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  • Writer's picturePhillip Gerson

The Call of the Corral



Just the other day at Walmart (yes, I went to Walmart in California and did not know that was possible either) I realized that all this time, ever since I was 16 years old, I had overlooked a genius plan in regards to parking.


Are you ready?


Forget about the front door's importance for a moment. About the envy of handicap spots, and confusion of charging stations, and COVID triggering effects of contactless drive-up spots.


Put all of that aside.


And think instead about that shining shopping cart storage station in the distance, more properly known as an outdoor shopping cart corral.


Yes, I know it sounds absurd. But it works.


Think about the call of the corral and get as close to it as possible.


And, I should stress, the option to do so is far from rare. I pass these rusty-ass-metal-parking-lot-eye-sores all the time. Sometimes completely deserted without a vehicle in sight. And to be honest, these things had duped me multiple times in the past thinking I was about to get a good spot, but I did not hold a grudge. In fact, looking back now, the problem was never with them. It was with me. I was distracted, on the hunt for the spot of a lifetime, and never even considered the possibilities.


Like everyone else, I'm sure, I’m always thinking the amount of steps to get to the front door. And shade. And compact car questioning. And possible break ins. But what I now know is that I should, we all should, be thinking about is the POST-shopping experience. This is not about Starbucks or organic decision making, and pull-up 5 diapers, and adapters, and start thinking about the moment when it is time to return the cart.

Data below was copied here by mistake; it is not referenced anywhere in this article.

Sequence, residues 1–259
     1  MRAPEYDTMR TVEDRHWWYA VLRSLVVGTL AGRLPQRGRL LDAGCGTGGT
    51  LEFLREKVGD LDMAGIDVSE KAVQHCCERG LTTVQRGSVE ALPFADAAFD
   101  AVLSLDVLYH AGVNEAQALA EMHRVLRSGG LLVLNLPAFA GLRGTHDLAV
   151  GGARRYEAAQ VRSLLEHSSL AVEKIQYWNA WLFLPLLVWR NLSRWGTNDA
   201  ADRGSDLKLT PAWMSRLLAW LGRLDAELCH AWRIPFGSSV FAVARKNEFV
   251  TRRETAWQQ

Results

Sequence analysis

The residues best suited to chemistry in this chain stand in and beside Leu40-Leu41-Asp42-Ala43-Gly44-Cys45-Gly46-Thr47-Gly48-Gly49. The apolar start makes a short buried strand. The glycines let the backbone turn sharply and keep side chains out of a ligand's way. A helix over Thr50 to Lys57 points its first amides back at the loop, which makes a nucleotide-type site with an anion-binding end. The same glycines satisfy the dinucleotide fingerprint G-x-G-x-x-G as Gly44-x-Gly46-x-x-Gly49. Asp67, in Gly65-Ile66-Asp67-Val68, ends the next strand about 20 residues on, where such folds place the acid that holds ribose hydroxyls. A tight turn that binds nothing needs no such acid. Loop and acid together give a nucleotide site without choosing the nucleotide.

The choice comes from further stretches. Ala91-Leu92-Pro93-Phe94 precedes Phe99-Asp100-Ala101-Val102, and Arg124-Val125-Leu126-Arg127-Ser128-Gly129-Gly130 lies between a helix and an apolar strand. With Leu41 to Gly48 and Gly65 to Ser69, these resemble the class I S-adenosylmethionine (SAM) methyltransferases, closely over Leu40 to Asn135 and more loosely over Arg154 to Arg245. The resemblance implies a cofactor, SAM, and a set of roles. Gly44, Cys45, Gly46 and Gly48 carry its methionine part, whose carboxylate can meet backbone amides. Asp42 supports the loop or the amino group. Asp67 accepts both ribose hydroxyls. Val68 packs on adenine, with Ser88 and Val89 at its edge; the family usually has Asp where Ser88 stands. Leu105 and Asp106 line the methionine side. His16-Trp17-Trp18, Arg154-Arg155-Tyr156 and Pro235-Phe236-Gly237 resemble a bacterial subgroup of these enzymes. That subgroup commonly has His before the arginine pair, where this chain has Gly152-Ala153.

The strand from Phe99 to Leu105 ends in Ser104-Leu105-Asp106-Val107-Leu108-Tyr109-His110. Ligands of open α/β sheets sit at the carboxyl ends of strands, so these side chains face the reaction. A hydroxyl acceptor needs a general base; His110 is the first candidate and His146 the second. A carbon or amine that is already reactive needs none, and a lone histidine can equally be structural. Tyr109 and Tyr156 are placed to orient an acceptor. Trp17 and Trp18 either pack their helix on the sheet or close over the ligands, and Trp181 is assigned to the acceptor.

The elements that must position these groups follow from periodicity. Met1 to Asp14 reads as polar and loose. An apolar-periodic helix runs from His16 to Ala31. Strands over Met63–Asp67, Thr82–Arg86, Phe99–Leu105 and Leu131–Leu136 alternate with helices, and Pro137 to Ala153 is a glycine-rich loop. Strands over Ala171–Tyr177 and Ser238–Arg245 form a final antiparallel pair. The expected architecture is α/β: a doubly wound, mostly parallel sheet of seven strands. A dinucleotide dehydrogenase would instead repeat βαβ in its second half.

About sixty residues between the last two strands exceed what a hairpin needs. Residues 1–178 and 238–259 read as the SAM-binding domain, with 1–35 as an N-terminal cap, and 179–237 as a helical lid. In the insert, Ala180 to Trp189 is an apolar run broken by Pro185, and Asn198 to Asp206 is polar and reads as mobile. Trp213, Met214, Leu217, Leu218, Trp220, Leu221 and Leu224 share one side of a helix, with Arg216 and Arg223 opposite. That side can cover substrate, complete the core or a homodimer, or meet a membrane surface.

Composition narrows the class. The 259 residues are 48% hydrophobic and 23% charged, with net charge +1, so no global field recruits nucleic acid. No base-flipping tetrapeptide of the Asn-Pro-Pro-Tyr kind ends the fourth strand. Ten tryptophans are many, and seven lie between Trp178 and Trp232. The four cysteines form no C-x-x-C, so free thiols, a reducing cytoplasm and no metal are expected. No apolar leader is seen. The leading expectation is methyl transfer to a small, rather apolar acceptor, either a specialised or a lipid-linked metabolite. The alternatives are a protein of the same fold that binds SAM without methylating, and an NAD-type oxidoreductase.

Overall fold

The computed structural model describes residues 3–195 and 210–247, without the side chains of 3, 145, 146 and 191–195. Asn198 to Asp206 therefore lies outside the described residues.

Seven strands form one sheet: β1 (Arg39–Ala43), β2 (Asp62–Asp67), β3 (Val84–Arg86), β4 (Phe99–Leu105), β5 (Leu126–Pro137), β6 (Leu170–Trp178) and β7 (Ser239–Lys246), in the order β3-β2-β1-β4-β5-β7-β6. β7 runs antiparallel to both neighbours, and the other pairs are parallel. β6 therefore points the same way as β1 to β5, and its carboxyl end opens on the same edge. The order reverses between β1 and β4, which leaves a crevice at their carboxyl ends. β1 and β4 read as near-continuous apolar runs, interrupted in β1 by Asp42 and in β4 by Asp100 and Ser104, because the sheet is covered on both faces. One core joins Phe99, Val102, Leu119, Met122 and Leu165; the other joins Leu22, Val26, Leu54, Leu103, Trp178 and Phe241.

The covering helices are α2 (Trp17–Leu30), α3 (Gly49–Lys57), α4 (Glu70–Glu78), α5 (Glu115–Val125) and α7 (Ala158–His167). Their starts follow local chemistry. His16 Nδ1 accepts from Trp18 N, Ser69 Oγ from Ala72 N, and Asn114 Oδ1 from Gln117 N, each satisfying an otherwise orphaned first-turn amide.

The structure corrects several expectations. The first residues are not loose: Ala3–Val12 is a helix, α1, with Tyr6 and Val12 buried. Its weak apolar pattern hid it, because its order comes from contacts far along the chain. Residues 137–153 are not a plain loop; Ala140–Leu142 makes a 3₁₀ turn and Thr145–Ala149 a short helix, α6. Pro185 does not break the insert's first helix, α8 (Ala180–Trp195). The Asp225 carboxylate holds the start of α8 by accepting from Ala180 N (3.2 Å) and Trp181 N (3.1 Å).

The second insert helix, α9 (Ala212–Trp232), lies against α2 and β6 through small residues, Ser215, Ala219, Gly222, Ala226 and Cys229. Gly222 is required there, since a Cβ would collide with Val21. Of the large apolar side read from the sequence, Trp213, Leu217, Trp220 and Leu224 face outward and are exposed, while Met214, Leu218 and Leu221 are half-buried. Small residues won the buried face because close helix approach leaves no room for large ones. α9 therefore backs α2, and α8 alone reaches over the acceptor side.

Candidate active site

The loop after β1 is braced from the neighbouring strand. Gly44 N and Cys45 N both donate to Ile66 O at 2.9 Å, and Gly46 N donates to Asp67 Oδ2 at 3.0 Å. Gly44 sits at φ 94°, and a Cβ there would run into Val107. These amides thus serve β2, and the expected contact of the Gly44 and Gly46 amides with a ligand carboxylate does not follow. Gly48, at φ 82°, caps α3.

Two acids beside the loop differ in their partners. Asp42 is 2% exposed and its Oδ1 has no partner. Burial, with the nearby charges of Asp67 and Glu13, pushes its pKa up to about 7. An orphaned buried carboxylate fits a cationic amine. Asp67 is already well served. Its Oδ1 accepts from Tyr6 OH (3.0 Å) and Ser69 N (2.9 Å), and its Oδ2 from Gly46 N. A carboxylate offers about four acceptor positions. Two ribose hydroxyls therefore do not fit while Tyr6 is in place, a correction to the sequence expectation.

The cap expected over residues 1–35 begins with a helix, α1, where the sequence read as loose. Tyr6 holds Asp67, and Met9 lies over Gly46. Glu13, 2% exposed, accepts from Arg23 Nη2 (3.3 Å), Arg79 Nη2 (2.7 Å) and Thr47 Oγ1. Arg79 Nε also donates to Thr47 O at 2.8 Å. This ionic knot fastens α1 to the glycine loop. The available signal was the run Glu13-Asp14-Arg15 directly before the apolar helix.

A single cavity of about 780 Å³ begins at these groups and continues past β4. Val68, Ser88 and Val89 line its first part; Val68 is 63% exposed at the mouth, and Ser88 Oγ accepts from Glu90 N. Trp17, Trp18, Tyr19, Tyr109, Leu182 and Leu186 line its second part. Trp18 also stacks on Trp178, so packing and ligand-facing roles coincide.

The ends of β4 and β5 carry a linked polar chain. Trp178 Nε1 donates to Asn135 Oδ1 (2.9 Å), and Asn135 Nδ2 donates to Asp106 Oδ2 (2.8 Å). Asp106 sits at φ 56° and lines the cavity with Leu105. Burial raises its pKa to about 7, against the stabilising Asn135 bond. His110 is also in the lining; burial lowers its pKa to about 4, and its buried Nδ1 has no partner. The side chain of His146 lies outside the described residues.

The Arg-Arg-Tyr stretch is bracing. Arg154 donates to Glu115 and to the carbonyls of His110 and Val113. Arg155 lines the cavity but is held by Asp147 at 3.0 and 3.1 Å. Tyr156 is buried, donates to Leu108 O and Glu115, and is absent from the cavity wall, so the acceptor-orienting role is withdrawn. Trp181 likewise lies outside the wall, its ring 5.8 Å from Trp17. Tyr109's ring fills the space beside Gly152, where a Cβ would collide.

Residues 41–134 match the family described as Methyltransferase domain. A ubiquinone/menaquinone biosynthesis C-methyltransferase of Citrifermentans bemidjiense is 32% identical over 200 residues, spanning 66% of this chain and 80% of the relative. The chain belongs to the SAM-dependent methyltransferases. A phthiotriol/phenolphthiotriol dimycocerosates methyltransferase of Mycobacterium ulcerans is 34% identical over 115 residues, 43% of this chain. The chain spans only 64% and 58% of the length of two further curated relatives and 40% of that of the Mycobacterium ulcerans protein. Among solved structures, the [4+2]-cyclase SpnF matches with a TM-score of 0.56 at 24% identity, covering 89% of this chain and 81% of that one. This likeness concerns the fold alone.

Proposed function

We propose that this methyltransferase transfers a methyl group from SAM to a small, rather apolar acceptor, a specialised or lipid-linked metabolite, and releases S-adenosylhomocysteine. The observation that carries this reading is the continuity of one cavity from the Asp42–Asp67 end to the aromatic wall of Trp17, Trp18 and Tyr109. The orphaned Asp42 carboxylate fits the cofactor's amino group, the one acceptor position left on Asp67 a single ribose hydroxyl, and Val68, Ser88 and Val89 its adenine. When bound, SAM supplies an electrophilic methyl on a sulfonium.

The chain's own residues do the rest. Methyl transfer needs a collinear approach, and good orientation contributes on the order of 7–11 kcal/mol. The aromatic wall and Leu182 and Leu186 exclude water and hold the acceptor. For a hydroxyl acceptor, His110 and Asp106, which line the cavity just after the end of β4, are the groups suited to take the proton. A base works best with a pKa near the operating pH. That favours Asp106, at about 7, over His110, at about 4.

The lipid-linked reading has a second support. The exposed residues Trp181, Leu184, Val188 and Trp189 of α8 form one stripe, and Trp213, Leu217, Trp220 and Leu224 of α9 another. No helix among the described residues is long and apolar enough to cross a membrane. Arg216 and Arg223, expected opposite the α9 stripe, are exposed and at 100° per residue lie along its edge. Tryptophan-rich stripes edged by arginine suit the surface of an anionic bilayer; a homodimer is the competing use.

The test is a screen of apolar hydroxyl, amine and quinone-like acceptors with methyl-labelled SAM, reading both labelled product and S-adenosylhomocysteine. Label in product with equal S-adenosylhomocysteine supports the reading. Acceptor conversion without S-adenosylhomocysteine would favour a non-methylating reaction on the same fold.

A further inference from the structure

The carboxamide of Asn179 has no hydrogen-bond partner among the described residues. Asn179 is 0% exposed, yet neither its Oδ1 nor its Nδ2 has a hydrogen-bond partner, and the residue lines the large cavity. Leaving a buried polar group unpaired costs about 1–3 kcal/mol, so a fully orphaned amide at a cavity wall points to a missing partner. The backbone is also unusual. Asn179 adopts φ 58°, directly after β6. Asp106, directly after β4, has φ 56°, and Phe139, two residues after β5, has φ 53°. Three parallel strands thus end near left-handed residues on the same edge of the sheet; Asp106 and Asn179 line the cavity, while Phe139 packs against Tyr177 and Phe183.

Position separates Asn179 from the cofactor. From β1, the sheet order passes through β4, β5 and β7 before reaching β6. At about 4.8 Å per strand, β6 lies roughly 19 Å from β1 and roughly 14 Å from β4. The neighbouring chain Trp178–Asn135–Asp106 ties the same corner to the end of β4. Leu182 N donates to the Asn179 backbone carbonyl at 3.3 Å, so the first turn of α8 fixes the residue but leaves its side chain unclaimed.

Especially when that moment intersects with sideways rain and a child crying for cereal with more sugar and all you want is for your shopping outing for the day to be over and then and only then...


It's time to return the cart.


You still gotta do it.


I heard once that there are 2 types of people in this world:


  1. the ones that return the shopping cart to an appropriate drop off location

  2. those who do not.


That rocked me when I encountered that societal observation.


In my 20s, I would leave those things at a 70 degree angle on a curb, in a neighboring shopping center, with a copy of HOWL on top, with a parking lot catastrophe of some sort inevitable.


In my 30s, I started to make my way back to the Corral. Usually. Placing them at the entrance of the corral or bum rushing them in from a distance,


I can say, by age 40, I was gracefully returning the cart to the Corral, with the precision of a ballerina, and all the wheels pointing in place.


And I think it helped me.


When you are facing moral dilemmas, left and right, with groceries in the car and ice cream sandwiches melting quickly and a kid's tablet that is having problems connecting...


You still take back the cart. You got to.


So why not park super close to it?


Just as a disclaimer, this recent, personal epiphany does not suggest an alliance with Walmart. I would do anything to self-checkout of Walmart forever.


This is about the Corral. It truly hold the key to what is right and what is wrong . How you will be remembered as a person. The type of parent you will be?


LONG PAUSE


Anyway, that is my parking tip for this month. Let the Corral be your friend.


And yes, it is still okay to park in a killer spot by the entrance. How could you not?

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